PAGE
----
Time is of essence and we can no longer afford to delay transparent, effective and thorough action when new allegations of sexual exploitation and abuse arise with far too similar traits and perpetrators. Many question our credibility. Some have even dubbed us “the harbors of bad patterns.” These perceptions should drive us to look internally for the shortcomings that sustain the mechanisms that no longer serve us, as we work to uphold the UN Secretary-General’s zero tolerance policy. We also welcome his recent appointment of Jane Holl Lute, as Special Coordinator on improving the UN’s response to sexual exploitation and abuse.
We must take concrete action now.
The way forward must be paved with several key actions that target the root causes of sexual exploitation and abuse. Firstly, we must all concede that sexual exploitation and abuse is also a grave human rights violation. We must steer clear from only seeing it as a disciplinary matter. Secondly, current UN policies fall short of wholly protecting victims of sexual exploitation and abuse, particularly if the alleged perpetrators are non-UN forces mandated by the Security Council to aid in peacekeeping. The recent reports on sexual exploitation and abuse in the Central African Republic (CAR) affirm the pervasiveness of this crime and the subsequent lack of accountability. In these reports we see the same countries being accused of the same crimes. How is this possible?
The degree of bestiality of these acts is escalating, which makes the public believe that the accused must be enjoying immunity. Accountability is porous and designed for a select few. This should not be the case.
Peacekeepers of troop contributing countries and non-UN forces should all be denounced and face justice. The fact that non-UN forces are not under UN command egregiously hampers our ability to hold all perpetrators accountable. The C-34 Report for the 2016 substantive session calls for non-UN forces to immediately report allegations of human rights violations and sexual exploitation and abuse while also requesting that appropriate steps be taken to investigate the allegations. The implementation of these measures along with those outlined in Resolution 2272 will rid our system of double standards, hold all peacekeepers to the highest standards of conduct, and put to rest political and bureaucratic motives that breed inaction.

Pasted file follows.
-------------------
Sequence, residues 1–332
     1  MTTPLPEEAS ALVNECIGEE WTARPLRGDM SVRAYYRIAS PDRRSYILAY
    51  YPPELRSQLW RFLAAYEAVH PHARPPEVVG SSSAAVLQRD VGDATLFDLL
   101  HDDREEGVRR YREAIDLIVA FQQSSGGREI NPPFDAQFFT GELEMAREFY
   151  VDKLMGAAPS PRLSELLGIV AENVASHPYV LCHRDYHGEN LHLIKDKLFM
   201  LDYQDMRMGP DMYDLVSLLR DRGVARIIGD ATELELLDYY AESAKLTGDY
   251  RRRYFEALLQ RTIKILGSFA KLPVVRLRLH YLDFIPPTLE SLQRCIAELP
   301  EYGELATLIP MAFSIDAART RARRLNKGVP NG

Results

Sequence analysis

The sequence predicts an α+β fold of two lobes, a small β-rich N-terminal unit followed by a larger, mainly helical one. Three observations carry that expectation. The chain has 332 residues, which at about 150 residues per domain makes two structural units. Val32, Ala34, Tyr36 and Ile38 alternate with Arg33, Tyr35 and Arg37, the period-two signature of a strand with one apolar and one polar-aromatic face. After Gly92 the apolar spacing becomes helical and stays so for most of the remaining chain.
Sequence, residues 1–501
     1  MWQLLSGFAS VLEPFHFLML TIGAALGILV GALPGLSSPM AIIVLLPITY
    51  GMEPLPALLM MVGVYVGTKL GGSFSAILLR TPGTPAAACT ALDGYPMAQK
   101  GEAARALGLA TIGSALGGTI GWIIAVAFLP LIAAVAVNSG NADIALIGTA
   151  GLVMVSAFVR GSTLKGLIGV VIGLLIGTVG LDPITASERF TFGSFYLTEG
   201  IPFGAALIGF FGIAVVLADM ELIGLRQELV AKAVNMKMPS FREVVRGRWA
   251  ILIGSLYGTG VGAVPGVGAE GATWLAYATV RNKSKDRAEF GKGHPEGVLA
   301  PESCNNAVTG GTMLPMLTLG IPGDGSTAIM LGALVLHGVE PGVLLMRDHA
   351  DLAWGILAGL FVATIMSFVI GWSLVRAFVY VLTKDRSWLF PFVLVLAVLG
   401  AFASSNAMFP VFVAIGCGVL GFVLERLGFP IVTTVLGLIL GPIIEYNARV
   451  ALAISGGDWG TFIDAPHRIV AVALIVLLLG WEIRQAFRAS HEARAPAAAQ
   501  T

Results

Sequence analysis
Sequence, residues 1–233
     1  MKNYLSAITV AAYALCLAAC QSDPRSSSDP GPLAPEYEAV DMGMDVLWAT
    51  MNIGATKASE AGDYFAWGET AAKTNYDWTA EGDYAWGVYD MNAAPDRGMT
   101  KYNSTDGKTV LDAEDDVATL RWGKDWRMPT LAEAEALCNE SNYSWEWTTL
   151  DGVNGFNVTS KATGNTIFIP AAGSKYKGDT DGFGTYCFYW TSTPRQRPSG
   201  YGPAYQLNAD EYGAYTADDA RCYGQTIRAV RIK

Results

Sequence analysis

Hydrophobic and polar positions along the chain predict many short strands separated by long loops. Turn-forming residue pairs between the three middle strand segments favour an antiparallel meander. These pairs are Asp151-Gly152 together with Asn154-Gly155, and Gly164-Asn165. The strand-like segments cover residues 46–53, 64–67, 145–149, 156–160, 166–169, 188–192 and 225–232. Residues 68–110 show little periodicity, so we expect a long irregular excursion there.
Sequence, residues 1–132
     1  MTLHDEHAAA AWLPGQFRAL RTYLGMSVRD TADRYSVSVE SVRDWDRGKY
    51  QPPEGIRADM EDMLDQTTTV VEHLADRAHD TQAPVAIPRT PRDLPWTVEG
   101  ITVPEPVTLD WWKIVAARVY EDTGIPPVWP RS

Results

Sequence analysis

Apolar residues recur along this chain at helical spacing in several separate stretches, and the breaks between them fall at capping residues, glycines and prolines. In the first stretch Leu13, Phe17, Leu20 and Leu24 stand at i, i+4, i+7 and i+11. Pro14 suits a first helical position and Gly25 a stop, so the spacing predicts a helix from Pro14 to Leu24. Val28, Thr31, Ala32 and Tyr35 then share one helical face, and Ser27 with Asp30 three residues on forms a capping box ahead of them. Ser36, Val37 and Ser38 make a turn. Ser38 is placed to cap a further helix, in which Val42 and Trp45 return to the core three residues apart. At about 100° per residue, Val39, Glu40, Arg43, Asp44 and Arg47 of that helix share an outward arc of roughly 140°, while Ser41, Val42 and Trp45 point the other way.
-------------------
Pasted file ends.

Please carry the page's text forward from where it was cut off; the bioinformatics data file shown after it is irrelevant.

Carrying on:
Thirdly, a cultural shift within the UN system is needed in order for real change to take hold. It must be impressed upon all that sexual exploitation and abuse is a system-wide core responsibility. Each department, agency and representative of the UN should understand and own their role in ensuring perpetrators are held accountable and victims receive the assistance they deserve. The UN mechanisms for fighting sexual exploitation and abuse must be strengthened by this unwavering conviction.
Fourthly and consequently, we must close the gap on accountability for it undermines all of our efforts and is a complete dishonor to the victims that had the courage to come forward and share their truths. The lack of accountability extends far beyond the field, past mission leadership, residing in the reports and bureaucratic disarray of the Secretariat. We, the troop and police contributing countries, must also do our parts in timely investigating and prosecuting all credible allegations while simultaneously informing the Secretariat and other relevant parties about the prosecutorial developments, with the ultimate goal of recovering the trust between the UN and the civilians we have been tasked to protect.
Fifthly, we must guarantee that all peacekeepers have undergone adequate training on sexual exploitation and abuse. Such training can not only deter peacekeepers from partaking in such heinous crimes, but also equip them with the knowledge to identify situations that could spiral into future cases of sexual exploitation and abuse.
This alertness can significantly impact our missions, strengthening our efforts on all fronts. In Rwanda, our training on sexual exploitation and abuse is coupled with the deployment of a legal advisor and investigator for each infantry battalion serving on the ground. We have deployed these experts since 2011 and found significant gains in their deployment.
As one of the largest troop and police contributing countries, we do not tread lightly on this matter and, furthermore, we align ourselves with those seeking to improve UN’s response to allegations of sexual exploitation and abuse. For this reason and many more, we, along with other top troop contributing countries and protection of civilian (POC) stakeholders, developed the Kigali Principles in May of 2015. These principles set the benchmark for effective peacekeeping by focusing on the protection of civilians, which includes human rights violations as grave as sexual exploitation and abuse. We ask all the stakeholders to join us in upholding these principles.
The systematic sexual exploitation and abuse that plagues our peacekeeping efforts must come to an end. The reports that have come out of the Central African Republic are enough to keep us awake at night. What if these victims were your sisters? Your daughters? Your mothers? We must work feverishly to change the mechanisms that have welcomed silence and fostered the deplorable acts of sexual exploitation and abuse that are not representative of us, nor the legacy we strive to leave behind.
This article was extracted from the statement by the Minister of State in Charge of Cooperation, Amb. Eugene-Richard Gasana, at the UN General Assembly briefing on sexual exploitation and abuse involving international forces, on April 5.